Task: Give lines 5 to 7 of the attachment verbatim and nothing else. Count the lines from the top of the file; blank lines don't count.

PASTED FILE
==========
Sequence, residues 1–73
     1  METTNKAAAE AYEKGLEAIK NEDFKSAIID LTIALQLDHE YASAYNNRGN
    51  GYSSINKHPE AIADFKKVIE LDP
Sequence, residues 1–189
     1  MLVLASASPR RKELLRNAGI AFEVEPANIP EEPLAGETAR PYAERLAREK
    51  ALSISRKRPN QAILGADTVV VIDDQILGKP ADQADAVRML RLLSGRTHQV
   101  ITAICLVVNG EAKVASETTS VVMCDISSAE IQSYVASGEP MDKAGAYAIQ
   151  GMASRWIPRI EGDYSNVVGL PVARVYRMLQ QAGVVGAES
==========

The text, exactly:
     1  MLVLASASPR RKELLRNAGI AFEVEPANIP EEPLAGETAR PYAERLAREK
    51  ALSISRKRPN QAILGADTVV VIDDQILGKP ADQADAVRML RLLSGRTHQV
   101  ITAICLVVNG EAKVASETTS VVMCDISSAE IQSYVASGEP MDKAGAYAIQ